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A selection of my heron and flower photos is now available at the Five Crows Gallery in Natick, MA. Drop in and see the work of the many wonderfully creative artists who show there when you’re in the area.

Five Crows is on FaceBook. To give the gallery a visit, please click here.

Remember: Walk softly and carry a long lens.™

The Tao of Feathers™

© 2014 Babsje. (https://babsjeheron.wordpress.com)

Mute Swan, Swan, Photo Gallery

“My What Big Wings You Have!” Exclaimed Goldilocks to the Swan

© Babsje (https://babsjeheron.wordpress.com)

How delicate the three-day old cygnets look between their massive parent swans.
Please click here for the new Swan Photo Gallery

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Thanks to Paula for her wonderful Thursday’s Special Non-Challenge challenge.

Thanks once more to Danielle H and WordPress for their Weekly Photo Challenge: Between.

Thanks to Sue for her A Word A Week Photo Challenge: Delicate.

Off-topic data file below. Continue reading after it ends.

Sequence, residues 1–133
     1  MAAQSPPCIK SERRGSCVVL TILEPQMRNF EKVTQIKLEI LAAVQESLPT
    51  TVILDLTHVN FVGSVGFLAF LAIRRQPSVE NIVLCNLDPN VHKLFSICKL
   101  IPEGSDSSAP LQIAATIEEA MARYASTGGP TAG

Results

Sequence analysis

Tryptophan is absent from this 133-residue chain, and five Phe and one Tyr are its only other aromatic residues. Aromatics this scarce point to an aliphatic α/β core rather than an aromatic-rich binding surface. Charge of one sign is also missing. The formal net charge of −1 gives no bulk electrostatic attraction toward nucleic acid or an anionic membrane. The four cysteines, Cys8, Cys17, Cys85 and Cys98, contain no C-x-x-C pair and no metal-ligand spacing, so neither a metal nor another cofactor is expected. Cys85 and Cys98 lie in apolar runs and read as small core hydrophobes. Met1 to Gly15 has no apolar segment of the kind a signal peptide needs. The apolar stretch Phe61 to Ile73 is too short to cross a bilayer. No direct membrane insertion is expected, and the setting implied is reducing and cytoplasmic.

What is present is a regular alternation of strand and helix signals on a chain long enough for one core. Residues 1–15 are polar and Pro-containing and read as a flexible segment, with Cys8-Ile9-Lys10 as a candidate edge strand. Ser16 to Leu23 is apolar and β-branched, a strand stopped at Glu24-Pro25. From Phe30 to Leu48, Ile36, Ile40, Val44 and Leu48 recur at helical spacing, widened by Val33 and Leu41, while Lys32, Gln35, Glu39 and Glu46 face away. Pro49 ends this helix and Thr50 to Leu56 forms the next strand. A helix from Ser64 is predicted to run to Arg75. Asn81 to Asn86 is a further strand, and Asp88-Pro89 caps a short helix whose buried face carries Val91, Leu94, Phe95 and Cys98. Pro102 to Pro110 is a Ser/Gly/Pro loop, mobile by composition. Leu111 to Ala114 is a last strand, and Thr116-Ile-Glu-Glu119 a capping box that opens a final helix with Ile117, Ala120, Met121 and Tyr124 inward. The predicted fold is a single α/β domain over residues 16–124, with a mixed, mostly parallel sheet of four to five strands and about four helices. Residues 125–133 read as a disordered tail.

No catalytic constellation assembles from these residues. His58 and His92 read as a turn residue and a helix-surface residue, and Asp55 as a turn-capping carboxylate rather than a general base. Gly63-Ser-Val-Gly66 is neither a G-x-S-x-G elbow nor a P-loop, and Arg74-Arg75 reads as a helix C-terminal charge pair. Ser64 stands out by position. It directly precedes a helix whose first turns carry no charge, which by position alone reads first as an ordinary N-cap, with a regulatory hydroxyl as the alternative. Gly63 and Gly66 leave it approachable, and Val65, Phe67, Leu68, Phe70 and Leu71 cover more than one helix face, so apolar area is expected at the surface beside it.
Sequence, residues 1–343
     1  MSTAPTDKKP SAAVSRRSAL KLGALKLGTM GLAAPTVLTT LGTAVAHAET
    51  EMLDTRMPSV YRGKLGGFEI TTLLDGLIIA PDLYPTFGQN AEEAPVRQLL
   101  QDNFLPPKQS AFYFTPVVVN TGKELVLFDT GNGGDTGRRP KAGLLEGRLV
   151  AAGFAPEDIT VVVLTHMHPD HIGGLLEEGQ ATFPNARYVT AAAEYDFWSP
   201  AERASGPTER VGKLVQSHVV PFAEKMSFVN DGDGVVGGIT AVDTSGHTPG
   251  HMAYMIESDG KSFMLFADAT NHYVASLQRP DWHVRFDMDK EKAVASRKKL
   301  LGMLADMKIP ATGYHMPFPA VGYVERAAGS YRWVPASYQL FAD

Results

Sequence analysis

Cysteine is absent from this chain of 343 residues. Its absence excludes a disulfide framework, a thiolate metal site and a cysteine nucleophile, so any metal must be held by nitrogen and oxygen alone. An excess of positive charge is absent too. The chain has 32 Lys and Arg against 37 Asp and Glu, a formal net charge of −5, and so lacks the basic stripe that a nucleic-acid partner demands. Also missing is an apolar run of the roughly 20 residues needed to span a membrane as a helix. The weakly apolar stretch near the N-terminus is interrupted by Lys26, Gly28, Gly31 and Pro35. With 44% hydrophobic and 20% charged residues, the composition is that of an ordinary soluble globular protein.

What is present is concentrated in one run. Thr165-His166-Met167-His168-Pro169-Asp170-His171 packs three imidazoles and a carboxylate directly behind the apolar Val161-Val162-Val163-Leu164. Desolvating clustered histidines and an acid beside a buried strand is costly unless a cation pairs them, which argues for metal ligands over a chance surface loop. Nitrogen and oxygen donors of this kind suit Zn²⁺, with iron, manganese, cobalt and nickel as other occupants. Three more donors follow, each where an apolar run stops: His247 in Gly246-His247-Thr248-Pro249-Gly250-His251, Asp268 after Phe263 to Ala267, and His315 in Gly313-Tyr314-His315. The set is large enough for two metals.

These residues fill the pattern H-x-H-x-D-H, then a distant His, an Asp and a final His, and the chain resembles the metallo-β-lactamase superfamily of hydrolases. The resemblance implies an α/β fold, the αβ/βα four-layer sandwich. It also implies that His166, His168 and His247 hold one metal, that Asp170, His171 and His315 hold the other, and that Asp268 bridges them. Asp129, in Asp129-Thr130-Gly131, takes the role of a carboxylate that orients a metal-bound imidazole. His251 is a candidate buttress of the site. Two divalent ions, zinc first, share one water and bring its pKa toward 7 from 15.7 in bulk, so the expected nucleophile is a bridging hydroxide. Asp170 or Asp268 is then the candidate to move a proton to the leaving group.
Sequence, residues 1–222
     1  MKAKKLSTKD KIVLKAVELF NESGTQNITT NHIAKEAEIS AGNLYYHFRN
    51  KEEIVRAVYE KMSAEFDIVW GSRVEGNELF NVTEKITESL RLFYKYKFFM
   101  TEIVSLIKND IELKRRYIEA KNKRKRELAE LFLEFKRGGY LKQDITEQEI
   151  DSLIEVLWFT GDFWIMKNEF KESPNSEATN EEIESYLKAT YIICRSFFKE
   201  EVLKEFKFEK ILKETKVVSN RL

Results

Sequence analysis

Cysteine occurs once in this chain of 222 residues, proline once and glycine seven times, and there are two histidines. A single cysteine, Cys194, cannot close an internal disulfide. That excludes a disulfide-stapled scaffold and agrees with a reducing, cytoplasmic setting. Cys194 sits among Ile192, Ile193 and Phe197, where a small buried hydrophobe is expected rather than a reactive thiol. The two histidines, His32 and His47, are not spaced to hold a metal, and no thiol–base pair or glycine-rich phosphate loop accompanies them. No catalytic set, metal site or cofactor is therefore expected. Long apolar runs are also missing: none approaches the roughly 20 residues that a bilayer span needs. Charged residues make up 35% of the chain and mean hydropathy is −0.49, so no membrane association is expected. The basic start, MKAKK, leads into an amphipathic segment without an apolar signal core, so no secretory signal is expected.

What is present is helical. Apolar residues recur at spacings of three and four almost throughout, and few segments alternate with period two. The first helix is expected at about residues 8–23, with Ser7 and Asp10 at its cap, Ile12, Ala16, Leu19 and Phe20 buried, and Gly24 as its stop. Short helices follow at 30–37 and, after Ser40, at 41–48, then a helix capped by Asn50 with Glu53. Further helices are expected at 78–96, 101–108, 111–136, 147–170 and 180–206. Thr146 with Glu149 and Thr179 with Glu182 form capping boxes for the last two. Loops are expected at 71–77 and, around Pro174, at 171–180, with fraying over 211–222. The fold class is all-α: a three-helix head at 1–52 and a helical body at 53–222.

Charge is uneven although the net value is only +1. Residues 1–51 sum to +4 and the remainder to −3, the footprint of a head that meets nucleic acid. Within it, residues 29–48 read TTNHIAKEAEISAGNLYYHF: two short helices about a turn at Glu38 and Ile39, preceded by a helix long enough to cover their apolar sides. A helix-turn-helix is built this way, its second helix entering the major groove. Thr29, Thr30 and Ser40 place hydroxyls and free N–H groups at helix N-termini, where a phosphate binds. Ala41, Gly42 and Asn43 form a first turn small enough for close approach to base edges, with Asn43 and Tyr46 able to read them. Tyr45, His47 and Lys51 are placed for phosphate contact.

Thanks once again to Stewart Monckton for hosting the Wild Bird Wednesday challenge.

Thanks to Wordless Wednesday for the Wordless Wednesday challenge.

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A selection of my heron and flower photos is now available at the Five Crows Gallery in Natick, MA. Drop in and see the work of the many wonderfully creative artists who show there when you’re in the area.

Five Crows is on FaceBook. To give the gallery a visit, please click here.

Remember: Walk softly and carry a long lens.™

The Tao of Feathers™

© 2014 Babsje. (https://babsjeheron.wordpress.com)

Cygnets, Mute Swan, Kayaking

Waiting in the Wings

© Babsje (https://babsjeheron.wordpress.com)

Mute swan cygnets nestled between mother’s wings.
Please click here for the new Swan Photo Gallery

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Thanks to Danielle H and WordPress for their Weekly Photo Challenge: Between.

Thanks once again to Stewart Monckton for hosting the Wild Bird Wednesday challenge.